Between 1980 and 2015, China sought to push back the danger of over population with the “one child” policy. Birth rates dropped from about 23/1,000 in the mid-1980s to about 13/1,000 by 2005. Still, this left a lot of young people in the pipeline.
In 1990, about two-thirds of the Chinese population were between 15 and 64 years old. A huge demographic shift took place over the next twenty years. The share of those aged between 15 and 64 rose to 75 percent. Essentially, young people with few dependents flooded out of the countryside into the labor market of coastal cities. At the same time, China entered the world market. A world in search of cheap goods produced by labor-intensive industries encountered a huge and growing Chinese labor force.
By 2005, birth rates had stabilized at the lower level. Now the share of the population of working age is falling. Worse still, the fertility rate (1.3 children per woman) has fallen below the replacement rate (2.1 children per woman). This portends a host of decisions.
Some are economic. Productivity gains from moving peasants from rice paddies to factory jobs will be reduced. The growth in the absolute size of the labor force will slow. The price of labor will be bid up, one way or another. Automation offers one response. Will the government invest resources in the technology that is required? Moreover, “what China makes, the world takes.” Will labor shortages drag on China’s ability to produce for export?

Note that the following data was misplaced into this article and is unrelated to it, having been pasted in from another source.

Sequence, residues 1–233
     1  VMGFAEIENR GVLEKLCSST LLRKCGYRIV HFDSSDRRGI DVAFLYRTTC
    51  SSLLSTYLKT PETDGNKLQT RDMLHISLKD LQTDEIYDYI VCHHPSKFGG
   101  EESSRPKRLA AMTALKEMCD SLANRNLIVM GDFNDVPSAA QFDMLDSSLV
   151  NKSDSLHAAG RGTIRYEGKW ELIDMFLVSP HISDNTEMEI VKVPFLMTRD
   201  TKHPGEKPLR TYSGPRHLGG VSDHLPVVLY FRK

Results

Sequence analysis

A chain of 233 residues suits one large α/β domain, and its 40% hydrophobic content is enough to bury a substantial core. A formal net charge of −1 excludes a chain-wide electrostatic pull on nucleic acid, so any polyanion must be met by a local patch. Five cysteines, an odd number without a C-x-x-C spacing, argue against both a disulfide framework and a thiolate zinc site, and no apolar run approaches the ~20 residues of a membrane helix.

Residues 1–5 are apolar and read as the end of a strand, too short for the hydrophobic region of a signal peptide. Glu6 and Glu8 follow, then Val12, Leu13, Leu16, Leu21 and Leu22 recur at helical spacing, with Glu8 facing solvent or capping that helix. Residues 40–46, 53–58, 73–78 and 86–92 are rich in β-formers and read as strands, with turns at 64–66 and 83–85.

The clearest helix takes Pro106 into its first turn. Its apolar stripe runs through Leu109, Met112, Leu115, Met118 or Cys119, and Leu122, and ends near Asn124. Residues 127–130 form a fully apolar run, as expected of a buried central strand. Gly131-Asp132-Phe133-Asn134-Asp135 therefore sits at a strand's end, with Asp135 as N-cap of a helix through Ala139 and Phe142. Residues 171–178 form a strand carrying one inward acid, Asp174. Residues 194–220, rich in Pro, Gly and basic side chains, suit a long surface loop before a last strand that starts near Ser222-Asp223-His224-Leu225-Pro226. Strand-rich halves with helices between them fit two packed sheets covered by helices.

Some are social. Generally, the young labor migrants left behind middle-aged parents who were still working. Now, ten to thirty years on, those young migrants are themselves middle-aged and their parents need care and support. Some 18.7 percent of the population is 60 or older. This adds to the problems of working children. Similarly, China’s efforts to get people to have more kids merely adds to the problems of working parents. All this may pull people away from a tight focus on work.
On the other hand, having built a culture of long hours on the job, China may have a difficult time changing the minds of managers and of workers. Will China invest resources in creating systems of child-care and elder-care to enable productive workers to keep working long hours? Will it make robust investments in education to address he concerns of parents? Will it offer financial inducements for more children? Vague promises of new measures accompanied the announcement of the new policy.
Some are political. One thing high-lighted by the announcement of the three-child policy is the degree of defiance of the government on a deeply personal matter. One story quoted both a woman insisting that she wouldn’t have any children and another relieved that her previously-illegal third child could now come out of the shadows. In this environment, the pretensions of an authoritarian state rankle, while its admission that a policy rigorously pursued for seventy years had unforeseen consequences can only make people wonder what else it has gotten wrong.
It isn’t clear yet if there is a sweet spot where all solutions align.
 Nathaniel Taplin, “China Baby Bust to Be Felt Globally,” WSJ, 2 June 2021; Sui-Lee Wee, “China Will Let Families Have Three Children,” NYT, 1 June 2021.
 See: https://en.wikipedia.org/wiki/One-child_policy When an authoritarian state imposes such a policy, many grim stories follow. In 2016, China adopted a two-child policy. This failed to slow the slump in population growth. In 2021 it adopted a three-child policy.